QB Josh Woodrum and Wobbly Tables


David Igono had to bring up the wobbly leg of a table at the fave lunch spot. If you’re instantly annoyed, then you know how the former DB feels about aspects of QB Josh Woodrum’s game.

It’s easy during draft season to get excited by prospects due to combine invites, pro days or whatever seems to be the buzz around a player. Quarterbacks are no exception. One quarterback who has received some pre-draft buzz is Liberty QB Josh Woodrum. Woodrum has some positives to his profile, but overall he leaves me asking more questions about what he can do in an NFL offense.

The little I’ve seen of Woodrum has me feeling miffed; like when you go to your favorite spot for lunch and you sit at a table that has a wobbly fourth leg. Your meal isn’t ruined and you’ll definitely be back for more, but you question why that table was even in the restaurant that day.

Woodrum has tools. His skill set might work best in a West Coast offense where he can hit crosses, slants, etc. He has functional accuracy, but he’s more of a spot thrower.

He puts the ball where it should be however there’s little room for error for his intended target. Although he doesn’t have the strongest arm, his short to intermediate passing game has some pop to it.

Quarterbacks who don’t have upper tier arm strength have to compensate by anticipating how and when to fit passes into windows.This clip on the surface looks like a good anticipation throw. In reality this highlights a habit Woodrum has for anticipating pressure instead of windows to attack downfield.

He often employs a fadeaway type of throwing motion that takes velocity and accuracy off of his passes. Can he exploit coverages and mismatches when they present themselves? He had plenty of time to attempt a throw over the top that could have garnered more yardage. The receiver has his man beat. Good outcome, bad process.

Woodrum also flashes plays within an offense where you can potentially build more onto his abilities. How quarterbacks complete playaction fakes can be an indicator to their grasp of timing and spacing in an offense. Woodrum is a savvy ball handler.

He does a great job of carrying out the fake although it’s easy to see that Woodrum isn’t adept at driving targets into windows. His intermediate passes tend to sail and if they do arrive they are heavily contested or expose his receiver to more contact.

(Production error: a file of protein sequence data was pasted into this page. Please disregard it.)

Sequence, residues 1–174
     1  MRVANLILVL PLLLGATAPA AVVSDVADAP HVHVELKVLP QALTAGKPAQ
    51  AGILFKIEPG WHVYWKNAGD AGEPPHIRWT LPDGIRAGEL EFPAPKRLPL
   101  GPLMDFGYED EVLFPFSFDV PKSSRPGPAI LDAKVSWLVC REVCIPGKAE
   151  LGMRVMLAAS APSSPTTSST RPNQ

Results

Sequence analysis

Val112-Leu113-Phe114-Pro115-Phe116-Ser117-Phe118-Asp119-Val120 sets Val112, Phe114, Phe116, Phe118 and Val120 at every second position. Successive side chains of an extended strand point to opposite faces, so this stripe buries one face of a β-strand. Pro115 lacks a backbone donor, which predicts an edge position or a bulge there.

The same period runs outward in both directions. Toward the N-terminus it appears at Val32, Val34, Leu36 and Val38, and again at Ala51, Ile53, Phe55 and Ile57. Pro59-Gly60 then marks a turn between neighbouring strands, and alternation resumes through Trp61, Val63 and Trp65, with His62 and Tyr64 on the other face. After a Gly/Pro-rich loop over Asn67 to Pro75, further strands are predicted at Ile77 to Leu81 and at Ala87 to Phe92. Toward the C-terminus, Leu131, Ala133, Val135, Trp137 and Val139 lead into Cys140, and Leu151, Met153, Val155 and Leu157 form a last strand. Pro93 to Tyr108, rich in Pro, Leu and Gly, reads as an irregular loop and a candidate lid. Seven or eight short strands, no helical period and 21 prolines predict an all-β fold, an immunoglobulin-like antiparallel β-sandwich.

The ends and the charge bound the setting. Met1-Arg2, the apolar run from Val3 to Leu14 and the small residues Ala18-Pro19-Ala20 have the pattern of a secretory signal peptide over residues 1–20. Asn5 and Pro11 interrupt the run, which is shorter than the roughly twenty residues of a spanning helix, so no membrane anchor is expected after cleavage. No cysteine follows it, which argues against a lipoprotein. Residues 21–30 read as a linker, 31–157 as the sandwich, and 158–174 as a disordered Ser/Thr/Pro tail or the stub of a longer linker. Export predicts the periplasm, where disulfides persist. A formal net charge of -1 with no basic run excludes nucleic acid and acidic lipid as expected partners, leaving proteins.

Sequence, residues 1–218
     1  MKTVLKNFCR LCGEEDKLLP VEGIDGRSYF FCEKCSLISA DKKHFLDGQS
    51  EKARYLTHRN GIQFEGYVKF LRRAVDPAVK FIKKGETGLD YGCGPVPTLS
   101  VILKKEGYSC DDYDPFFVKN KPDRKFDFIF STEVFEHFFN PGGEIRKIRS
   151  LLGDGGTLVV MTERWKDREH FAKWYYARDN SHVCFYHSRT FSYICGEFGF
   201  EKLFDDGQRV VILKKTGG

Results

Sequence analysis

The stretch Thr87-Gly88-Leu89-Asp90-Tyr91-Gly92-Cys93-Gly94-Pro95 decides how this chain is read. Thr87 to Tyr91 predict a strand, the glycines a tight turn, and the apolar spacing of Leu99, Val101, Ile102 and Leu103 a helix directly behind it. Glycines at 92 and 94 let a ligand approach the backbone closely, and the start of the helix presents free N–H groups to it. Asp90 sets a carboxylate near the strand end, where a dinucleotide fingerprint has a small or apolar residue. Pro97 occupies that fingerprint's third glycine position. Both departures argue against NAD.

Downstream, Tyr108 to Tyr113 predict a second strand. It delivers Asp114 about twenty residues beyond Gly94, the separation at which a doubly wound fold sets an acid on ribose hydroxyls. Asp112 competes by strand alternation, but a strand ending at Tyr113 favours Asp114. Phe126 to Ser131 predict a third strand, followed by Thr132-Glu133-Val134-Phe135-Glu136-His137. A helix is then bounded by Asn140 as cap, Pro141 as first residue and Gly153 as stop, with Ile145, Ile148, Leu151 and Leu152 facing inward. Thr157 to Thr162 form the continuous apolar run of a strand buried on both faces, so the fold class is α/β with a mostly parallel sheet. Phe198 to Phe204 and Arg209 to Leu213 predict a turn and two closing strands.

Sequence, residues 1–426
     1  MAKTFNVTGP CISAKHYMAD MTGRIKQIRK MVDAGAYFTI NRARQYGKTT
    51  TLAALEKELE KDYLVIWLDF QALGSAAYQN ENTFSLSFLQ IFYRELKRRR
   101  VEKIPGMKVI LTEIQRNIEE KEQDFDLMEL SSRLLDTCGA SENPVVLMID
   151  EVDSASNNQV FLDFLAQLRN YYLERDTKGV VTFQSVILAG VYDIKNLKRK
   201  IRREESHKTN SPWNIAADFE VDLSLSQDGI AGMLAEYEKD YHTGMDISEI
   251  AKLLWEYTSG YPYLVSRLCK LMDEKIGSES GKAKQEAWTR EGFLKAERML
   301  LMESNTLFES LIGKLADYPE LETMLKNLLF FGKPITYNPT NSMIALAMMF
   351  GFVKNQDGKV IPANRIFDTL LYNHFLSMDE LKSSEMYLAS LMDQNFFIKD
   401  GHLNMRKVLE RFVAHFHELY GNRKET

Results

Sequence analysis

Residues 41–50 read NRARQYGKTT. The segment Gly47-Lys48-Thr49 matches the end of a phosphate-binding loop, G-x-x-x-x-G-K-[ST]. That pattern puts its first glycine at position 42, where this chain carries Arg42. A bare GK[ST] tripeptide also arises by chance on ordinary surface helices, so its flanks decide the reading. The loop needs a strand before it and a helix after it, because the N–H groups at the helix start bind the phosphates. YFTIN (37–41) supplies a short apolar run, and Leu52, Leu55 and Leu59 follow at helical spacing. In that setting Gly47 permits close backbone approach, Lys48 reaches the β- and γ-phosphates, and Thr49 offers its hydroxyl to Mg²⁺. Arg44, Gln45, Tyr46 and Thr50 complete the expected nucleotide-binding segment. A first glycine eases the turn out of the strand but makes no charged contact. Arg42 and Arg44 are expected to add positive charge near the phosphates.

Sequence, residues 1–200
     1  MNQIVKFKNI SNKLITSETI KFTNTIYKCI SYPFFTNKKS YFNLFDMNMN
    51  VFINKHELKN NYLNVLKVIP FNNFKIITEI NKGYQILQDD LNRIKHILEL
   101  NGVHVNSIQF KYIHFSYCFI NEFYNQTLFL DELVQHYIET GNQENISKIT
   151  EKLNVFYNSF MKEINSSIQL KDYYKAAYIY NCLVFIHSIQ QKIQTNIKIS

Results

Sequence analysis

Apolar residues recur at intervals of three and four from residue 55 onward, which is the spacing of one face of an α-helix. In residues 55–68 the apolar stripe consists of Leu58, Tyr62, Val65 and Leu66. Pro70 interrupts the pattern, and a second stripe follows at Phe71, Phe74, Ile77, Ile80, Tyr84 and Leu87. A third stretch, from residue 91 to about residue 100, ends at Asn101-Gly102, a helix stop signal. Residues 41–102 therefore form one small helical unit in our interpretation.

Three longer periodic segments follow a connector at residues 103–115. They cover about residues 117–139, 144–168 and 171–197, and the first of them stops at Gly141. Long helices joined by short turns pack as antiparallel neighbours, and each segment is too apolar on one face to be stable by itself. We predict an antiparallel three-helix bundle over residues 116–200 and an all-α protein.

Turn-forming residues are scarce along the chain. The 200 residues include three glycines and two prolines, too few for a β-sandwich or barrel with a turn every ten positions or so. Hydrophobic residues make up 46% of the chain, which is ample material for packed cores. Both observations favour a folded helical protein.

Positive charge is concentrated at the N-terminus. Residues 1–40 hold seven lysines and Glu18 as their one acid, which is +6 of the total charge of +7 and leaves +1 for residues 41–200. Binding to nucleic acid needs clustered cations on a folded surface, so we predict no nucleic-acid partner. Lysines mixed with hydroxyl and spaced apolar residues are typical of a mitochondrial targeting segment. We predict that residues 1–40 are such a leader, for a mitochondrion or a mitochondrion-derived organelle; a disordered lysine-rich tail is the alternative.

Can Woodrum capitalize on what he sees? I don’t think so from what I’ve seen so far. The next cut should be a back shoulder throw on a double move for a touchdown, if Woodrum drives the ball into that window that the cornerback gives him. Physically and conceptually, there’s a glitch. Note where he places the ball and where the corner is on this play.

The bottom line for any prospect looking to make an NFL roster is competition: You have to beat someone out to earn that roster spot. Can Woodrum do that? Maybe. The real issue is if he will be given time to clean up parts of his game while on a roster.

David Igono is a former defensive back who played at West Virginia University and a couple of seasons of arena football. A longtime draft anorak, he considers the 2014 RSP the inspiration for taking the process more intentionally. Follow him at @d1gono.

For analysis of skill players in this year’s draft class, download the 2016 Rookie Scouting Portfolio – early-bird purchase for the April 1 download is available now. Better yet, if you’re a fantasy owner the Post-Draft Add-on comes with the 2012 – 2015 RSPs at no additional charge. Best, yet, 10 percent of every sale is donated to Darkness to Light to combat sexual abuse. You can purchase past editions of the Rookie Scouting Portfolio for just $9.95 apiece.

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